Install MariaDB / MySQL on Raspbian / Debian

Install MariaDB (or MySQL) on Raspbian / Debian is pretty easy with the supported package:
sudo apt-get install mariadb-server (or mysql-server)

And you can set password for the root account as well as configure others by one simple command:
sudo mysql_secure_installation (for both MariaDB and MySQL)

But the problem is that you can’t connect to the database from any system. You’ll get the “Access denied” error all the time. The only way to access is from the terminal of that server:
sudo mysql -u root -p

I don’t know why the authors make them to be difficult to use at the first time. To remove the restrictions, it requires many steps:

1. Login from terminal:
sudo mysql -u root -p

2. The plugin of the root account in the mysql.user table is set to ‘unix_socket’, which means you can only access using the terminal. Use the following commands to remove it:
USE mysql;
UPDATE user SET unix_socket = '' WHERE User='root';
FLUSH PRIVILEGES;

3. Now you can use any SQL tool (phpMyAdmin, SQL Workbench…) to access the database. But that tool must be used on the same server because the Host field of root account in mysql.user is ‘localhost’. So you may need to remove it.
UPDATE user SET Host = '' WHERE User='root';
FLUSH PRIVILEGES;

4. Now, try to access again. You still can’t access the database from another machine. Why? Because the database socket doesn’t bind to an IP address. This setting is missing from the config file. Let’s find the config file first:
sudo find / -name my.cnf

The file is usually located at: /etc/mysql/my.cnf. Open it to modify using nano:
sudo nano /etc/mysql/my.cnf

Add to that file a new section:
[mysqld]
bind-address=::

5. That’s it. Restart the services and enjoy it.
sudo service mysqld restart
sudo service mysql restart

Leave a comment or contact me if you have any questions or suggestions

Install PHP 7 from source on Raspbian/Debian

This tutorial cover Raspbian PHP 7 installation as well as Apache 2 configuration.

Prerequisite: Apache 2 installation exists

1. Download PHP source code from http://php.net/downloads.php and then decompressed it to have a PHP folder contains source code

2. On the terminal, install the libxml2:
sudo apt-get install libxml2-dev

3. Inside the PHP folder at step #1,configure the build:
./configure ––with-apxs2=/usr/local/apache2/bin/apxs ––with-mysqli ––enable-mbstring
Notes:

  • apxs was installed when installing Apache 2. In this example, the Apache 2 was installed at /usr/local/apache2.
  • The default location of php.ini is /usr/local/lib/. Use ––with-config-file-path=<path> if you need to put the php.ini file at somewhere else.
  • ––with-mysql was removed, use ––with-mysqli instead (https://github.com/php-build/php-build/issues/348)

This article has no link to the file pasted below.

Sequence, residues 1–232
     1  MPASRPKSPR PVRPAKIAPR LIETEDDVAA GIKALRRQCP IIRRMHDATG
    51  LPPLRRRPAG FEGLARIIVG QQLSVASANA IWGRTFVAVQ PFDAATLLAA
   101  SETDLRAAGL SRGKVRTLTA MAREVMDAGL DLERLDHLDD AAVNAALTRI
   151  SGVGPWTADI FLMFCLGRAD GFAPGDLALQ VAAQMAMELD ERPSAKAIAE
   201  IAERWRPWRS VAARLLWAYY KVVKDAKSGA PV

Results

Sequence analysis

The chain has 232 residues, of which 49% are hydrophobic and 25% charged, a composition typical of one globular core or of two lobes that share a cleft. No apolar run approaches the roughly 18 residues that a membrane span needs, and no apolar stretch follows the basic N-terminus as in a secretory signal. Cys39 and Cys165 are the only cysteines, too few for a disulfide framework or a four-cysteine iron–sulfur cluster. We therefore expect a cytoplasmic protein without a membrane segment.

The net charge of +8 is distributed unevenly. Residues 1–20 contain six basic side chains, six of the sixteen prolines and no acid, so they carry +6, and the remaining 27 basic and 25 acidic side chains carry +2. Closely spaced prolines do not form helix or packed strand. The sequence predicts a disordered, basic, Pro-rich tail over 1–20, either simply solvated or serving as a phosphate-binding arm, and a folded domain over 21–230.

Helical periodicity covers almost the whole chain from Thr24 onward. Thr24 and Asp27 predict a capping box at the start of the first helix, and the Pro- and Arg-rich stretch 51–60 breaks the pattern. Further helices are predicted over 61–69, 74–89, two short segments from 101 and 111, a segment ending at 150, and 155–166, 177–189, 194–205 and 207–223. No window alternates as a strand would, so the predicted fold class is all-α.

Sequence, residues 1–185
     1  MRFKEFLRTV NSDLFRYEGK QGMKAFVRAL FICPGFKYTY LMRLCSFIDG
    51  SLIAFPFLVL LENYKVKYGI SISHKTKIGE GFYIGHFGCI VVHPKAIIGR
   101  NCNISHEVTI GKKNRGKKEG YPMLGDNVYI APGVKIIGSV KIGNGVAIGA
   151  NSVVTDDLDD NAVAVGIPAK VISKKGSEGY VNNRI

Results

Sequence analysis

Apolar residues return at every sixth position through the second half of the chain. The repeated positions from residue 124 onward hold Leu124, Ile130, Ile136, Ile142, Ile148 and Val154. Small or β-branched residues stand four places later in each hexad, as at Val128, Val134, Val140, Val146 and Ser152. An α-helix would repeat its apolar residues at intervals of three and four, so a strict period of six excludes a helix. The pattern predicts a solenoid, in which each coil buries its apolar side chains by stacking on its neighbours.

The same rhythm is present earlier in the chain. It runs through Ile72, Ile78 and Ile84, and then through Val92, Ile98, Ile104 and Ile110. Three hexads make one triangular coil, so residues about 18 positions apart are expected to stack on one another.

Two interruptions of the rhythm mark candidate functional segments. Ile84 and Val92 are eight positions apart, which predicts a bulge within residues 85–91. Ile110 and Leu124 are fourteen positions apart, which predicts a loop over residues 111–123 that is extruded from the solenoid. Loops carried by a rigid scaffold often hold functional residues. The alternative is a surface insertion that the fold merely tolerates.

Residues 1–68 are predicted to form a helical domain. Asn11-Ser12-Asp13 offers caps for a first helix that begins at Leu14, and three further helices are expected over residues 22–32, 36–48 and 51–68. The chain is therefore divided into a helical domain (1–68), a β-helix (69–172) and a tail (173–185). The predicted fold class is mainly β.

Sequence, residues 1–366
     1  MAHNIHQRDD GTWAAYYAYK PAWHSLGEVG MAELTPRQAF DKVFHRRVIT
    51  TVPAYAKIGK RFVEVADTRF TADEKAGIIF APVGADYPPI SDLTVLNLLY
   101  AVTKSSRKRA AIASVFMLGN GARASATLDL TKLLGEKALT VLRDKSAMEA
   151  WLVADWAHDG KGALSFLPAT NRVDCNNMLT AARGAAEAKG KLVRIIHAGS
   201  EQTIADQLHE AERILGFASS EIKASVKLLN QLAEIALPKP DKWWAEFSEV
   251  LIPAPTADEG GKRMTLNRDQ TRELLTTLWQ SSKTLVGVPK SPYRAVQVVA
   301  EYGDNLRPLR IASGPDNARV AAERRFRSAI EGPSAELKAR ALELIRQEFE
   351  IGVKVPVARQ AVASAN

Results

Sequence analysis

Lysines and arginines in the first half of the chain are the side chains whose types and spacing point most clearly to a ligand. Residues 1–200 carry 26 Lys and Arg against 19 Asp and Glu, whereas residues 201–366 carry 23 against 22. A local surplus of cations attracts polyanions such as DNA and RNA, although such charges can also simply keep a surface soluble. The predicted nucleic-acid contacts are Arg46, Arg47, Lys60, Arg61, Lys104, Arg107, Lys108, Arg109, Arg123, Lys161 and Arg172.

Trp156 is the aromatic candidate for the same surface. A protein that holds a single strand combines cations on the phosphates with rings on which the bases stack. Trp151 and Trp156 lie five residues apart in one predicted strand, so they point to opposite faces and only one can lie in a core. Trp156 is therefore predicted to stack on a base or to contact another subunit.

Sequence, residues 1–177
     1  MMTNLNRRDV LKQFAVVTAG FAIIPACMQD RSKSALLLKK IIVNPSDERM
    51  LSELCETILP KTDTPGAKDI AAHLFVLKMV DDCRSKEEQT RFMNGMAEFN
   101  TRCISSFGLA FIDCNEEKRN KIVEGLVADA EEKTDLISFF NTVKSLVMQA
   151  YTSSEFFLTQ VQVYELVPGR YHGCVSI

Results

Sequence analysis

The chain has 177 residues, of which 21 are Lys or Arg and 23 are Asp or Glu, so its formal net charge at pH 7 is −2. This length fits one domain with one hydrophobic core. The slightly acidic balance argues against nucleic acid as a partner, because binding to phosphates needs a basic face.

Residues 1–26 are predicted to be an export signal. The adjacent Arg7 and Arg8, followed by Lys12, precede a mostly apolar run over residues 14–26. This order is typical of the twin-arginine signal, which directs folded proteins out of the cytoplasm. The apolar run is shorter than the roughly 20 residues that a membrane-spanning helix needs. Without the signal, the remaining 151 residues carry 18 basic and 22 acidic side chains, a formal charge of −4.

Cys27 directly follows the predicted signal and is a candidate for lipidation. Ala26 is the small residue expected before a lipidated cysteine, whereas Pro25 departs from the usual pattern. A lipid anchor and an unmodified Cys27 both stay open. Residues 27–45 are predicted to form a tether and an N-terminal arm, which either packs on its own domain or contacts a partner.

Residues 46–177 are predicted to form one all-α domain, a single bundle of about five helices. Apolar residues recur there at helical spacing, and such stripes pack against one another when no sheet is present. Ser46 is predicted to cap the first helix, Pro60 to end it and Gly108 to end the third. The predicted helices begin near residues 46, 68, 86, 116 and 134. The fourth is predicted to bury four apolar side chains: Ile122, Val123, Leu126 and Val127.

• ––enable-mbstring is required for using phpMyAdmin

4. Install:
sudo make
sudo make install

5. Verify:
php -v

Here are a few more steps to configure Apache 2 to support PHP:

1. Open the httpd.conf to edit:
sudo nano /usr/local/apache2/conf/httpd.conf

2. Make sure the following line exists and not commented:
LoadModule php7_module modules/libphp7.so

3. Add the following lines to let Apache parse PHP files:
<FilesMatch “\.phps$”>
        SetHandler application/x-httpd-php-source
</FilesMatch>

4. Enable mod_rewrite:
LoadModule rewrite_module modules/mod_rewrite.so
RewriteEngine On

5. Save and close Nano by pressing Ctrl+X and Y

6. Restart Apache 2:
sudo /usr/local/apache2/bin/apachectl restart

Also, check out Install MariaDB / MySQL on Raspbian / Debian

Install Apache 2 web server from source on Raspbian

Image credit: http://www.apache.org/

This guideline is for working on Raspbian – a Linux distro for Raspberry Pi, but other Linux operating systems have similar steps.

  1. Download source from https://httpd.apache.org/download.cgi. It should be in a compressed file, e.g.: httpd-2.4.28.tar.bz2. After decompressing it, we have a httpd-<version> folder.
  2. Install PCRE library from the terminal:
    sudo apt-get install libpcre3-dev
  3. Download source of APR and APR-util from https://apr.apache.org/download.cgi. They’re all in compressed files, e.g.:  apr-1.6.2.tar.gzapr-util-1.6.0.tar.gz. After decompressing them, we have the following folders: apr-<version>, apr-util-<version>. Rename them accordingly to apr and apr-util and then move them into the folder at step #1 to this path: httpd-<version>/srclib/.
    The folder structure should be like this:
  4. Open the terminal and issue the following commands in the httpd-<version> folder to build and install Apache 2:
    ./configure –prefix=/usr/local/apache2 –with-included-apr –enable-so
    sudo make
    sudo make install
  5. Check its version:
    apache2 -v

Also check out “Install MariaDB / MySQL on Raspbian / Debian” and “Install PHP 7 from source on Raspbian/Debian

Building a secured Java web server using Spark framework and Nginx

Spark framework (www.sparkjava.com) is a small Java framework used to build a REST server quickly. You can build a Java web server with only a few lines of code. But adding SSL to your server needs more effort.

Java used its own format for the keystore file which contains keys. First of all, you need to generate your private key. Java key tool will store it in a keystore file .jks. The following command creates a key has 2048 bit length for localhost valid in one year:
keytool -genkey -alias localhost -keyalg RSA -keystore KeyStore.jks -validity 365 -keysize 2048

Now you have your private key in the keystore file. Here is a code snippet to build a web server using Spark framework:

[java]

import spark.Request;
import spark.Response;

import static spark.Spark.*;

public class Server {
private final int port = 12345;

public Server() {
port(port);
secure("KeyStore.jks", "password", null, null);

get("/", (request, response) -> {
return "Hello World";
});
}
}

[/java]